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Reducing Energy Subsidies in China, India and Russia: Dilemmas for Decision Makers

Author

Listed:
  • Grant Dansie

    () (Norwegian Institute of International Affairs (NUPI), PB 8159 Dep., 0033 Oslo, Norway)

  • Marc Lanteigne

    () (University of St. Andrews, St. Andrews, Fife KY16 9AJ, Scotland, UK)

  • Indra Overland

    () (Norwegian Institute of International Affairs (NUPI), PB 8159 Dep., 0033 Oslo, Norway
    University of Tromso, 9037 Tromso, Norway)

Abstract

This article examines and compares efforts to reduce energy subsidies in China, India and Russia. Despite dissimilarities in forms of governance, these three states have followed surprisingly similar patterns in reducing energy subsidies, characterised by two steps forward, one step back. Non-democratic governments and energy importers might be expected to be more likely to halt subsidies. In fact, the degree of democracy and status as net energy exporters or importers does not seem to significantly affect these countries’ capacity to reduce subsidies, as far as can be judged from the data in this article. Politicians in all three fear that taking unpopular decisions may provoke social unrest.

Suggested Citation

  • Grant Dansie & Marc Lanteigne & Indra Overland, 2010. "Reducing Energy Subsidies in China, India and Russia: Dilemmas for Decision Makers," Sustainability, MDPI, Open Access Journal, vol. 2(2), pages 1-19, February.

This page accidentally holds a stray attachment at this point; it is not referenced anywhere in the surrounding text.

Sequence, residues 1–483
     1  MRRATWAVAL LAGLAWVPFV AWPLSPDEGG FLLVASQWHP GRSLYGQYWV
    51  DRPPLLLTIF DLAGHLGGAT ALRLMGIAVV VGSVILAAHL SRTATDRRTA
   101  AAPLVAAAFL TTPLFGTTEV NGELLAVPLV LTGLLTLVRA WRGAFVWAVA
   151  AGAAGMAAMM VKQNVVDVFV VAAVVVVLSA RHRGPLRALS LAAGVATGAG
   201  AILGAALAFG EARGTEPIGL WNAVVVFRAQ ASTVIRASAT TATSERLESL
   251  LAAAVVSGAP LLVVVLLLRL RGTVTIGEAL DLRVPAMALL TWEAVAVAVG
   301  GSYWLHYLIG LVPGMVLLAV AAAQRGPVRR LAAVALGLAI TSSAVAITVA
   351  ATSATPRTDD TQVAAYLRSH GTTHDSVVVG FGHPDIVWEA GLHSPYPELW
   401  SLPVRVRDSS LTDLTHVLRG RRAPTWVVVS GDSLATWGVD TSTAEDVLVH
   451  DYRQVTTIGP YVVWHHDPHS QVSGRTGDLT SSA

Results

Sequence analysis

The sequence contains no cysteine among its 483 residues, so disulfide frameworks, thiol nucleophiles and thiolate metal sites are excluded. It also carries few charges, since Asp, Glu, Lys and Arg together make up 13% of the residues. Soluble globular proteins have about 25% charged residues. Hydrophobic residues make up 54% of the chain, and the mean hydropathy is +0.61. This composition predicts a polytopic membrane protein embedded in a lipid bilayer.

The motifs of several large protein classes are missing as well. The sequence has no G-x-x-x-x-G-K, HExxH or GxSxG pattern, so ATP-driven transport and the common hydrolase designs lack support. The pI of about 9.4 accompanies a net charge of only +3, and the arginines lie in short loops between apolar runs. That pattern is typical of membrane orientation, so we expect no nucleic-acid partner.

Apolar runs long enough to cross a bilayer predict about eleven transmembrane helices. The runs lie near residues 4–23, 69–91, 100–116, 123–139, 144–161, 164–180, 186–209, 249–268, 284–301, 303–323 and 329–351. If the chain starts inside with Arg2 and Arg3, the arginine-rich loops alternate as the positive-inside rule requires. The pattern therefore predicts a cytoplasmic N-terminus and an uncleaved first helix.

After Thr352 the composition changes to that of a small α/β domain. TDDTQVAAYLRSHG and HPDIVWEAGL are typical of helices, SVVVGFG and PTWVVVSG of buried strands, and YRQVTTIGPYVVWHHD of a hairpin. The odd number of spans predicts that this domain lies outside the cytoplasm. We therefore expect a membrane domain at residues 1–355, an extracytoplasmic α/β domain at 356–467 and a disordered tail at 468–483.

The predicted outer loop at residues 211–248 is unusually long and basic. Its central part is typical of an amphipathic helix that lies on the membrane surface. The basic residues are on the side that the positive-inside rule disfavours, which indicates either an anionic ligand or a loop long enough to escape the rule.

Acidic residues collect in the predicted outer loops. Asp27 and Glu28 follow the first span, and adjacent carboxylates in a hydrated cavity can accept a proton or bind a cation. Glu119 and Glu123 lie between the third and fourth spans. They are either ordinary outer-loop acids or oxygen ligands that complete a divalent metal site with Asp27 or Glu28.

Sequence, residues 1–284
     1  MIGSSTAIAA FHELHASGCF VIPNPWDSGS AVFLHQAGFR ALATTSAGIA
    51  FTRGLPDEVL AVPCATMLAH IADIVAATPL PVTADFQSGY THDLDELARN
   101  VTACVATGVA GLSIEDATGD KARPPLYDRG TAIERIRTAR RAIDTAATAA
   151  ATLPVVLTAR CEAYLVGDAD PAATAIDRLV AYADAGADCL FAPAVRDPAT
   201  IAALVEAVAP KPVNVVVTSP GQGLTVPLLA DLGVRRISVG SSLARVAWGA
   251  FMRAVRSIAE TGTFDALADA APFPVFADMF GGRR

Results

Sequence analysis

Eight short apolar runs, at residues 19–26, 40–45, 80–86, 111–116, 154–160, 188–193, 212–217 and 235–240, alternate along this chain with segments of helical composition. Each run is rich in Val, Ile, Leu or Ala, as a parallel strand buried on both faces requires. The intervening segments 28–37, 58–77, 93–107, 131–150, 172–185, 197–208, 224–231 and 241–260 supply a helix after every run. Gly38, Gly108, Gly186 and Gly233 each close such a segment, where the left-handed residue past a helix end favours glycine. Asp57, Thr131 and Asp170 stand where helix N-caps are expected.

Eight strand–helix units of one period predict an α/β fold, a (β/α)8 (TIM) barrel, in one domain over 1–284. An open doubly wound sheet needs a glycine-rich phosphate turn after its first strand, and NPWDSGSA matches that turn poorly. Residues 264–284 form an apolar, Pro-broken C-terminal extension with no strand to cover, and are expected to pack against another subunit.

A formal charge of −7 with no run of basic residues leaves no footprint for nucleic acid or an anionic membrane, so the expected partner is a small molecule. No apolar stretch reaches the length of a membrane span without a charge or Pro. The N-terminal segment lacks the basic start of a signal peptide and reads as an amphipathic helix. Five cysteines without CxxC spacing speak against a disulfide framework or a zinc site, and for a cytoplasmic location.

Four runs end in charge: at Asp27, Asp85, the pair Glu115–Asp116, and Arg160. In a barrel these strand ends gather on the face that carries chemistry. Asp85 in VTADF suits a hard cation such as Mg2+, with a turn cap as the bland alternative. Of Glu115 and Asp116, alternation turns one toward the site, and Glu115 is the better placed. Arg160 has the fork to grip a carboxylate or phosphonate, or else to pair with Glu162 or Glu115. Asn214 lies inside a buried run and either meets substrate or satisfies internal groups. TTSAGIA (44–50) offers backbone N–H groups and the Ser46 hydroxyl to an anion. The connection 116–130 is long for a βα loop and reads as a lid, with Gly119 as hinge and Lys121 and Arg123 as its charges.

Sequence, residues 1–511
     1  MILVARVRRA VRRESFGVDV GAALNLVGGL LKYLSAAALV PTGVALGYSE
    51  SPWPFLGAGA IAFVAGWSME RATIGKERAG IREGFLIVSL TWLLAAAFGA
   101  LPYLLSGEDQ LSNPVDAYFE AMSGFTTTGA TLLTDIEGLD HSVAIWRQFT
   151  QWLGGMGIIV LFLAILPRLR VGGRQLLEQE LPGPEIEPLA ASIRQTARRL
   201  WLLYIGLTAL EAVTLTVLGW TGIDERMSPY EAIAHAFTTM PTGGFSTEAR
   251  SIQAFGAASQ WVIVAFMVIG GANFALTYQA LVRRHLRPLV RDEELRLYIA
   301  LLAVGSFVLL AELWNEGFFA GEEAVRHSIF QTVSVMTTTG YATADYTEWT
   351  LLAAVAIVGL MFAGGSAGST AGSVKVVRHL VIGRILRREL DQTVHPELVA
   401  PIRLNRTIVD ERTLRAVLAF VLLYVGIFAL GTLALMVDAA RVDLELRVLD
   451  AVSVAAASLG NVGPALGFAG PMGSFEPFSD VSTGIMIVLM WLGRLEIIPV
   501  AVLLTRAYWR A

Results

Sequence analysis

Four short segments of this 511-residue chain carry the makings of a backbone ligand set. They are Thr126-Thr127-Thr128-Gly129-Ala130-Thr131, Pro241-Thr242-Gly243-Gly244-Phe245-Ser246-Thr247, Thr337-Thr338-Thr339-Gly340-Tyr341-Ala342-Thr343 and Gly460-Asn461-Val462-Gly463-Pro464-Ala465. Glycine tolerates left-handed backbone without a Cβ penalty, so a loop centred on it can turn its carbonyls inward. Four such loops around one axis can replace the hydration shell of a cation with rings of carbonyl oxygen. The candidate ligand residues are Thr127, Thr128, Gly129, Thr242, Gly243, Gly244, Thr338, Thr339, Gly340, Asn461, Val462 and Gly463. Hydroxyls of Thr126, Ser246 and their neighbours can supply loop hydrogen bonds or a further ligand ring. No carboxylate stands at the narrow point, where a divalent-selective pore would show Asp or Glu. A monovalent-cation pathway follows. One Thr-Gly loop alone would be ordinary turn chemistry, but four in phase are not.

• Handle: RePEc:gam:jsusta:v:2:y:2010:i:2:p:475-493:d:7012
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    Citations

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    Cited by:

    1. Goldthau, Andreas & Sovacool, Benjamin K., 2012. "The uniqueness of the energy security, justice, and governance problem," Energy Policy, Elsevier, vol. 41(C), pages 232-240.
    2. Sovacool, Benjamin K. & Mukherjee, Ishani & Drupady, Ira Martina & D’Agostino, Anthony L., 2011. "Evaluating energy security performance from 1990 to 2010 for eighteen countries," Energy, Elsevier, vol. 36(10), pages 5846-5853.
    3. Peng Ou & Ruting Huang & Xin Yao, 2016. "Economic Impacts of Power Shortage," Sustainability, MDPI, Open Access Journal, vol. 8(7), pages 1-21, July.
    4. repec:eee:energy:v:148:y:2018:i:c:p:896-903 is not listed on IDEAS

    More about this item

    Keywords

    energy subsidies; politics; China; India; Russia;

    JEL classification:

    • Q - Agricultural and Natural Resource Economics; Environmental and Ecological Economics
    • Q0 - Agricultural and Natural Resource Economics; Environmental and Ecological Economics - - General
    • Q2 - Agricultural and Natural Resource Economics; Environmental and Ecological Economics - - Renewable Resources and Conservation
    • Q3 - Agricultural and Natural Resource Economics; Environmental and Ecological Economics - - Nonrenewable Resources and Conservation
    • Q5 - Agricultural and Natural Resource Economics; Environmental and Ecological Economics - - Environmental Economics
    • Q56 - Agricultural and Natural Resource Economics; Environmental and Ecological Economics - - Environmental Economics - - - Environment and Development; Environment and Trade; Sustainability; Environmental Accounts and Accounting; Environmental Equity; Population Growth
    • O13 - Economic Development, Innovation, Technological Change, and Growth - - Economic Development - - - Agriculture; Natural Resources; Environment; Other Primary Products

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